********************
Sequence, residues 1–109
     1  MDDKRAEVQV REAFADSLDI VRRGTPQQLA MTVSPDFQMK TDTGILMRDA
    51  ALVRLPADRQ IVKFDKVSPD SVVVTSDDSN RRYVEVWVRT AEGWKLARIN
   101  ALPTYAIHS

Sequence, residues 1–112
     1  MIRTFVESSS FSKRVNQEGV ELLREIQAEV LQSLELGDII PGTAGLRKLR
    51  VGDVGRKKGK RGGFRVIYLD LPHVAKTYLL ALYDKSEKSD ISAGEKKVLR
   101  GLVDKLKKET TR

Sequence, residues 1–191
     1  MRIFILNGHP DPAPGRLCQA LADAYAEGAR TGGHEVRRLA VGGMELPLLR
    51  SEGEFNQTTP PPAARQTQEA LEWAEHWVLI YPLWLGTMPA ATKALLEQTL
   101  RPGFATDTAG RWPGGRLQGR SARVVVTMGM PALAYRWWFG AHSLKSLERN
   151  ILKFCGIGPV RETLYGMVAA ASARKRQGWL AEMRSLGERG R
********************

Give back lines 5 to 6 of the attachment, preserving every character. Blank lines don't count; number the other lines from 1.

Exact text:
Sequence, residues 1–112
     1  MIRTFVESSS FSKRVNQEGV ELLREIQAEV LQSLELGDII PGTAGLRKLR